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Depression-era murals in a Minnesota city hall covered over with new works reflecting a more diverse community

The works foreground the contributions of immigrant and Indigenous communities, but members of the Dakota tribe claim the contributions are a "Band-Aid"

West side view of the murals in St. Paul's city council chambers. Courtesy of Ramsey County

A Depression-era mural showing the subjugation of Indigenous people and labourers under towering white men in the city hall council chambers of St. Paul, Minnesota, has been concealed with four new artworks. Unveiled last week, the works aim to reflect a more inclusive worldview that foregrounds black, Indigenous and people of colour (BIPOC) citizens. Yet some feel that the murals fall short of their modernising mission.

The original four-panel mural was produced by the well-known Chicago artist John Warner Norton in 1931 and depicts scenes some claimed valorised white supremacy and imperialist beliefs, one of which included Indigenous people being baptised by a Catholic priest. The four new canvases aim to “reimagine themes represented in the original murals in a way that more accurately represents and includes the contributions of women and diverse communities”, according to the open call for submissions published in September.  

Selected earlier this year, the winning works range from images that symbolise the contributions of immigrants to the US to pieces referencing the climate crisis, such as a Latina farmworker with monarch butterfly wings and a female constructor worker installing solar panels. The artists behind them include Adam Swanson, Leah Yellowbird, Emily Donovan and more than a dozen artists of the Latinx Mural Apprenticeship Project. Each were paid $3,000 for their work.

“It’s bright. It’s joyous. It’s feminine. It’s welcoming,” city council president Amy Brendmoen told the local Star Tribune newspaper.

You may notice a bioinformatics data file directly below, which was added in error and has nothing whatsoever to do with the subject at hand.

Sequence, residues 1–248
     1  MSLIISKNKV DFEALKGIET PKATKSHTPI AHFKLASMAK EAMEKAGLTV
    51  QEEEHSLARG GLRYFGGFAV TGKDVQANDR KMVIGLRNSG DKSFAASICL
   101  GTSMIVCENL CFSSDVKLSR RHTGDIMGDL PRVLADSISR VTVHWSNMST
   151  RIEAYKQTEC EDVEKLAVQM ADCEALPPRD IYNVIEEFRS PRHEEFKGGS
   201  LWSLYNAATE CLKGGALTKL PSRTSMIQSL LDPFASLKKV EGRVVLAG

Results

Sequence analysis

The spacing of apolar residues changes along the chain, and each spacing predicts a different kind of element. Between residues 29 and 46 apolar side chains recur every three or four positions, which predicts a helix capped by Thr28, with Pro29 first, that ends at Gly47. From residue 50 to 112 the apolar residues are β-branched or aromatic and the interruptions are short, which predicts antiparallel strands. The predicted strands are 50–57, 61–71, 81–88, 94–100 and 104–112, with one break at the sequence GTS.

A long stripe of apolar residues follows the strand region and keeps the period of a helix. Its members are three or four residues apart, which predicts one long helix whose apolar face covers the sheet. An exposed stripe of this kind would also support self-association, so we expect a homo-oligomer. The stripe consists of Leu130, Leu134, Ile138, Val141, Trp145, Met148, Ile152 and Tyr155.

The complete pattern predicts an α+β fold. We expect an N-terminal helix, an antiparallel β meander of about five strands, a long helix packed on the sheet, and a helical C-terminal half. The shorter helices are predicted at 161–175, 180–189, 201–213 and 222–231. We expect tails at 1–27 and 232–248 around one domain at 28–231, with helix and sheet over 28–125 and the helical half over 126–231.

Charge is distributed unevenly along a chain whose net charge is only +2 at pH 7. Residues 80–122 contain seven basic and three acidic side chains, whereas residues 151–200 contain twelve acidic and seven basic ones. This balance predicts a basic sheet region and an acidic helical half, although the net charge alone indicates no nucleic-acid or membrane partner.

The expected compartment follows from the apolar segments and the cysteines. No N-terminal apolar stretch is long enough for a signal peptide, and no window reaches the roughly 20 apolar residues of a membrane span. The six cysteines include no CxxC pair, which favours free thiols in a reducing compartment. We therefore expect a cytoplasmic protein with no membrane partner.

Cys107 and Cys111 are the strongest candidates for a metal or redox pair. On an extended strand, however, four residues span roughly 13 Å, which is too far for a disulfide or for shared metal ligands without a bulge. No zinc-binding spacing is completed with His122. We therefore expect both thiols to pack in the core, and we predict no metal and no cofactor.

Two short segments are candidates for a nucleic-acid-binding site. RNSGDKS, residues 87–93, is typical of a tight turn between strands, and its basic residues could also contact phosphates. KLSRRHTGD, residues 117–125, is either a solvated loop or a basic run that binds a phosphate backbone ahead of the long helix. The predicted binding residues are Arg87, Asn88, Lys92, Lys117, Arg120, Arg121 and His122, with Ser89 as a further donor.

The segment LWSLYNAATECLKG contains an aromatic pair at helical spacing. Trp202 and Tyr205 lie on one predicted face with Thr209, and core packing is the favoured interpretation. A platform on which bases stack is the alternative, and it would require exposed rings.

Yet Crystal Norcross, the board chair of the Minnesota-based Indigenous arts and social justice organisation Oyate Hotanin, says that the new murals are a “low-budget, Band-Aid project”.

Norcross tells The Art Newspaper that council members should have “taken more steps to involve tribal leaders in the initiative”, as St. Paul occupies ancestral Dakota land. In the lead up to the works’ installation, members of the Dakota tribes in the state claimed they were unfairly excluded from the project after their calls for the murals to be “removed, not covered up” after they were brought to their attention amid protests in city hall against the Dakota Access Pipeline at Standing Rock in 2017.  

Jim McDonough, the Ramsey County commissioner, and other city council members formed a task force to address concerns around the mural last year after Dakota leaders contacted officials calling for the removal of the mural. However, the Oyate Hotanin and other Dakota tribal members invited to participate in the forum refused to do so after council members suggested placing other works next to the murals, as a side-by-side project.

Norcross says their decision to not participate in the forum “doesn’t take away from the fact that [the council] didn’t acknowledge what we wanted to do with these murals, which is on Dakota land”. She also claims the task force created to discuss the murals, which was led by the Ramsey County Historical Society, originally consisted of 20 members, but during the final decision-making there were just seven members, including two Indigenous participants who said they felt their opinions were not being valued, and that they were being tokenised.

Yellowbird, a member of the Anishinaabe tribe and the only Indigenous artist to be included in the project, created a painting of an Indigenous floral pattern based on traditional Anishinaabe designs.

During the public unveiling of the new works on 19 August, McDonough asked: “What do you do with art, monuments, statues, all these things that are in our community that aren’t necessarily reflective of our values anymore? How do you manage to do that and do it in a way that allows us to move forward?” He did not respond to a request for further comment on the dispute.

The city plans to rotate the works every six to twelve months, and Norcross says Dakota tribe members hope that the next instalment will be more inclusive of Dakota artists. “We have nothing against the Native American artist who participated in the project,” she adds. “The follow-through is the issue; all these commissioners knew how to get a hold of me and other tribal members and didn’t even try.”